The Jesuits themselves were busy with the education of the Indians and had already established a college and seminary for the instruction of young converts. The colony, however, was not growing. The Hundred Associates had not carried out the terms of their charter. There were less than four hundred settlers in the whole of New France, and only some three hundred soldiers to guard the settlements from attack. Canada as yet was little more than a mission; and such it was to remain for another twenty and more years.
We have observed that the Hurons were at war with the Five Nations and that Iroquois scalping parties haunted the river routes and the trails to waylay Huron canoemen and cut off hunters and stragglers from their villages. When or how the feud began, between the Iroquois on the one side and the Hurons and Algonquins on the other, no man can tell. It antedated Champlain; and, as we have seen, he had involved the French in it. There were, no doubt, many bloody encounters of which history furnishes no record. At first the warriors had fought on equal terms, the weapons of all being the bow and arrow, the tomahawk, the knife, and the war-club. But now the Iroquois had firearms, procured from the Dutch of the Hudson, and were skilled in the use of the musket, which gave them a great advantage over their Huron and Algonquin foes.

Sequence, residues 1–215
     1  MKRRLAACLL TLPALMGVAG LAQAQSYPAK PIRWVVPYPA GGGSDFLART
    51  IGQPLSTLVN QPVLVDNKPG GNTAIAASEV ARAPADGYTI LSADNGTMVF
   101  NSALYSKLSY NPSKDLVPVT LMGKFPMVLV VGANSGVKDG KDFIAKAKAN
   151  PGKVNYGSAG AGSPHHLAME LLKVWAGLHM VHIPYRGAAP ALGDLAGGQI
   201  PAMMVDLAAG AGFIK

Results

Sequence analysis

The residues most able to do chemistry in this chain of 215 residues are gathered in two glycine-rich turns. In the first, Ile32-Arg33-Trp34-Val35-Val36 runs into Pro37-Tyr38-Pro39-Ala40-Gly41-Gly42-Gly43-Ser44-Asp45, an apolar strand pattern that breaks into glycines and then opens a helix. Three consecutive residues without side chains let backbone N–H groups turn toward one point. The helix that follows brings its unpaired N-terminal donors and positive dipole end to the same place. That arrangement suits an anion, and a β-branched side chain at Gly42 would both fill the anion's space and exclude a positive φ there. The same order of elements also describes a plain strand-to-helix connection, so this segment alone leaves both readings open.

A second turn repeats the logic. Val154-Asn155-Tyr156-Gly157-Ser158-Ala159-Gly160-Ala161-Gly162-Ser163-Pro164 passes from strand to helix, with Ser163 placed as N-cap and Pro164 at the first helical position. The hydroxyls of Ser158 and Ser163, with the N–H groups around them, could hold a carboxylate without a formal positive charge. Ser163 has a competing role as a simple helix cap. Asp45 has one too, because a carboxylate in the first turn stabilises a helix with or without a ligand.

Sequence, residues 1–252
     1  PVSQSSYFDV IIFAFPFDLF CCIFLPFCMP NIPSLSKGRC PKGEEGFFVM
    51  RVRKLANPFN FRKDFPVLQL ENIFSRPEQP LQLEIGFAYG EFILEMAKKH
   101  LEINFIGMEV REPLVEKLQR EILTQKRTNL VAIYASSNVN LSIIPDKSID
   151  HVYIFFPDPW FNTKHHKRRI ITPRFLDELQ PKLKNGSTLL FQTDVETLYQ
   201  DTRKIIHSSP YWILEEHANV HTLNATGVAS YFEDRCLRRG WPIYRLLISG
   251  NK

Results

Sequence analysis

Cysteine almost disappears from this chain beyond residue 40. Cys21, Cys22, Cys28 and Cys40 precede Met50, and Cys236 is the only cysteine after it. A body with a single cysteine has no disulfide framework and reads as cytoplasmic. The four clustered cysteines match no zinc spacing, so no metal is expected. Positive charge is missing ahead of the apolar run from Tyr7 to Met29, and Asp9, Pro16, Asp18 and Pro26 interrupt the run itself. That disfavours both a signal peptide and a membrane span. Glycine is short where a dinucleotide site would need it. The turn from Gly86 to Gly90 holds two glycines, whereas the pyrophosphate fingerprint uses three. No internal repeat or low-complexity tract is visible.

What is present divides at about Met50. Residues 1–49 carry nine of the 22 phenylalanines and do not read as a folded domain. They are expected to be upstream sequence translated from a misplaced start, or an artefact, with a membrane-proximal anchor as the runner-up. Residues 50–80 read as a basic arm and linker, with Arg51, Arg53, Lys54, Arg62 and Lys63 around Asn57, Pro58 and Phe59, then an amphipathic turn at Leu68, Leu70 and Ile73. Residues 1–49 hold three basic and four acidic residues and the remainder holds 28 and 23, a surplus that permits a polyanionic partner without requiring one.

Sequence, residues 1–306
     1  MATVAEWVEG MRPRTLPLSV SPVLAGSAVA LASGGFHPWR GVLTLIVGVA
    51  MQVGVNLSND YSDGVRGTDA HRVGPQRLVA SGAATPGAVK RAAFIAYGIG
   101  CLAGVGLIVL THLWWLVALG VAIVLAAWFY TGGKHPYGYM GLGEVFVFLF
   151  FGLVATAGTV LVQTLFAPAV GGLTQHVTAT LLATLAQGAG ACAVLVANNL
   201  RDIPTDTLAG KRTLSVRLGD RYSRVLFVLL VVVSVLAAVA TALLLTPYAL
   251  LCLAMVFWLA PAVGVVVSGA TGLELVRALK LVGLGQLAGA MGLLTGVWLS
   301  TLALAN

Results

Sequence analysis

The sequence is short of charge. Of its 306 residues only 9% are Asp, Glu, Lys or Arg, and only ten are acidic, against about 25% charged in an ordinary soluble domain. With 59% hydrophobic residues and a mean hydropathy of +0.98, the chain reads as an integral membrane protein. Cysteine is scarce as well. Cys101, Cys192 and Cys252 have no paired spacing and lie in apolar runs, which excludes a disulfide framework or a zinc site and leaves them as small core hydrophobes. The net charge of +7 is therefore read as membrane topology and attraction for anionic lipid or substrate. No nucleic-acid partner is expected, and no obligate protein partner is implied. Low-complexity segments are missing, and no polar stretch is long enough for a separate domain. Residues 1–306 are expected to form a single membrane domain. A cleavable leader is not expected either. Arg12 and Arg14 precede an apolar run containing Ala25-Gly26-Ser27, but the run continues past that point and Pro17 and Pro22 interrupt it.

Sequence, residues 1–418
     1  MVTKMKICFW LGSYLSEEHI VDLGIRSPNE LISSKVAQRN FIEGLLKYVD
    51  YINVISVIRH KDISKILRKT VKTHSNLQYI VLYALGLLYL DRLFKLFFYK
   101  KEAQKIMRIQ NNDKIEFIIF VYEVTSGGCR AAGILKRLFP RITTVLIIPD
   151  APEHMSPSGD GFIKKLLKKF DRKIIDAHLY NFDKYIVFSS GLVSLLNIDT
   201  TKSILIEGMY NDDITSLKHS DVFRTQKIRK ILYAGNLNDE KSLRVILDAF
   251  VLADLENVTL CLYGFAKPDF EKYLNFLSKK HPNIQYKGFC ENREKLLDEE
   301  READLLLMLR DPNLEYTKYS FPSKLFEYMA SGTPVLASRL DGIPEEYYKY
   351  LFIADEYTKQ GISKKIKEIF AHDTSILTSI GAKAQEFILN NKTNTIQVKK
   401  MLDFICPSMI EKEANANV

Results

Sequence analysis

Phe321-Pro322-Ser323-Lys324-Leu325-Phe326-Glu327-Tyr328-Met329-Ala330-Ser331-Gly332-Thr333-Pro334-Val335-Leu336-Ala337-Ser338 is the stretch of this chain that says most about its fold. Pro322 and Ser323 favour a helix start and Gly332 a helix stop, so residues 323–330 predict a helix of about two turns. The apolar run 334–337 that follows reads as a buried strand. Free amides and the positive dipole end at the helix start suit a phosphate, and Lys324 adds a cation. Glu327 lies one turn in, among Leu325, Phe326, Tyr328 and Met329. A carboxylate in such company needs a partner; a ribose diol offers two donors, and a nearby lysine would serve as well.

On the south-east frontier of Huronia, about four miles from Orillia, stood a town of the clan of the Rock, Contarea, a ‘main bulwark of the country.’ The inhabitants were pagans who had resisted the missionaries, and refused them permission to build a chapel, not even deigning to listen to their appeals. In the early summer of 1642 the people of Contarea were living in fancied security; and when runners brought word that in the forests to the east a large force of Iroquois were encamped, the Contarean warriors felt confident that, from behind their strong palisades, they could resist any attack. No Iroquois appeared; and, believing the rumour false, many of the warriors left the town for the accustomed hunting and fishing grounds. Suddenly, early on a June morning, the sleepy guards were roused by savage yells. The Iroquois were upon them. The alarm rang out; the towers were manned, and the palisades lined with defenders. But in vain. Arrows and bullets swept towers and palisades, and through breaches made in the walls in rushed a horde of bloodthirsty demons. In a few minutes all was over; the town became a shambles; young and old fell beneath the tomahawks of the infuriated invaders. Then the torch! And the Iroquois hied them back in triumph to their homes by the Mohawk, exulting in this first effective blow at the enemy in his own country.
When news arrived of the destruction of Contarea, there was wild alarm in the mission towns. But it was no part of the Iroquois plan to attack at once the other Huron strongholds. Huronia could wait until the tribes of the St Lawrence and the Ottawa, allies of the Hurons, should be destroyed. Then the Five Nations could concentrate their forces on the Hurons.